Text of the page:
Australian Permanent Residency vs Australian Citizenship
Whilst being a permanent resident of Australia, you will be able to enjoy a great deal of freedom, there are some things you can only do when you are an Australian citizen. We will go through the difference between the two in this article.
Who is a permanent resident?
To be come a permanent resident, you will have to apply for a visa that will allow you to live in Australia permanently. Some of the key permanent residency visas include Skilled Independent visa (Subclass 189), Skilled Nominated Visa (Subclass 190), Employer Nomination Scheme (Subclass 186), and Business Innovation and Investment Permanent visa (Subclass 888).
Applicants who hold a permanent resident visa can stay in Australia permanently, work and study, enrol in Medicare, travel to and from Australia for 5 years and sponsor relatives.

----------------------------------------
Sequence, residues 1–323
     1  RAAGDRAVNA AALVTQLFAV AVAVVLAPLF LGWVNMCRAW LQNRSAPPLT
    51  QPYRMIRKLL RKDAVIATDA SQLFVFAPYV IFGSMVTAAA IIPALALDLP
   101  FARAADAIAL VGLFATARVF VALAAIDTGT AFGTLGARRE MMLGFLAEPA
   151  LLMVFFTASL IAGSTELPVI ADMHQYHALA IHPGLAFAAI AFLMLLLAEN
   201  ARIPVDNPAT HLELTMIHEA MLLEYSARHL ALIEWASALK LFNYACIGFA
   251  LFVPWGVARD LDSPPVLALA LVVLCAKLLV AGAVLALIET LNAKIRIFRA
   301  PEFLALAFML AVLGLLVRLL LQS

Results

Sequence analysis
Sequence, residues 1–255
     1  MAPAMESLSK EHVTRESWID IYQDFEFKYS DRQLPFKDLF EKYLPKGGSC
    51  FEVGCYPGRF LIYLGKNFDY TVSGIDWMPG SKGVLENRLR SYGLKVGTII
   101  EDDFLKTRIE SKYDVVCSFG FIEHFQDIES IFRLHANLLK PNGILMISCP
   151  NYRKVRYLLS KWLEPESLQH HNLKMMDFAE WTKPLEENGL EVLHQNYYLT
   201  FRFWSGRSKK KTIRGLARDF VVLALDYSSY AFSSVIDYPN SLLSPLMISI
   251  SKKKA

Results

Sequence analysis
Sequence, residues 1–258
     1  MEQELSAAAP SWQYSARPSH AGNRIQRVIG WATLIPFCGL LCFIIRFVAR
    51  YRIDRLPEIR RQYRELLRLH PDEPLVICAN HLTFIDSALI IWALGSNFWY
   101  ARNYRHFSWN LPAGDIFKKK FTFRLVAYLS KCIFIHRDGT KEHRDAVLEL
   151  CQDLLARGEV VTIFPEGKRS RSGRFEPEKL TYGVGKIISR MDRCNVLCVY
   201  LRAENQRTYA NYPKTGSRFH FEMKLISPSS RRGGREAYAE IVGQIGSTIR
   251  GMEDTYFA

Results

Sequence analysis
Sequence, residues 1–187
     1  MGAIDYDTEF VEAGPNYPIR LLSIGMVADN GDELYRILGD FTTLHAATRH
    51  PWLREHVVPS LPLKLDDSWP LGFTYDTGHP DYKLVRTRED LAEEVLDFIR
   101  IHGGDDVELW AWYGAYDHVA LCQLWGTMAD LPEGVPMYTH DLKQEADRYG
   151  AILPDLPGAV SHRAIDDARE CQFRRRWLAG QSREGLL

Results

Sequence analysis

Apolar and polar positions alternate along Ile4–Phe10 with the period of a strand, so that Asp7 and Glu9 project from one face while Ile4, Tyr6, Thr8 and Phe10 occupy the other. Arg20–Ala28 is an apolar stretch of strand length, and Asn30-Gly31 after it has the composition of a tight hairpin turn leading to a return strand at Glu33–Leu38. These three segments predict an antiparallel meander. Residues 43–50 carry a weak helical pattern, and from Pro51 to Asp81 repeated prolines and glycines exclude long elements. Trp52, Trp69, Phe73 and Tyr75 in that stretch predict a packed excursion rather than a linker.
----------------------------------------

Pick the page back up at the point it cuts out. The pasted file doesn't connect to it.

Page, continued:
Who is a citizen?
The Australian Citizenship Act 2007 sets out the law on who is and who can become an Australian citizen. In Australia, citizenship can be acquired automatically or by application.
Ways to become an Australian Citizen include:
- Citizenship by birth
- Citizenship by descent
- Citizenship by adoption under a law in force in a State or Territory
- Citizenship by conferral.
For many migrants, the most common way to become an Australian citizen is via citizenship by conferral. Generally, to apply for citizenship by conferral, you must be a permanent resident for the last 12 months and have been living in Australia on a valid visa for the past 4 years. If you are under 60 years old, you would also be required to sit a citizenship test.
What can an Australian citizen do that a permanent resident cannot?
|Rights and Privileges||Australian Citizen||Australian Permanent Resident|
|Vote during election||Yes||No|
|Run for election||Yes||No|
|Federal government jobs||Yes||No|
|Student Loan||Yes||A PR may be eligible to pay domestic school fees. However, you would not be able to apply for HECS- HELP loan.|
|Travel||A citizen can be overseas indefinitely.||Usually PR has 5 years travel facility attached to their visa. You would have to renew the travel facility every 5 years.|
|Government benefits e.g. Jobkeeper, Jobseeker||Yes||In most cases, a PR is eligible, but eligibility depends on the rules set by the government.|
|New Zealand residency (on arrival)||Yes||Yes|
|Children’s citizenship eligibility||Yes||Yes|
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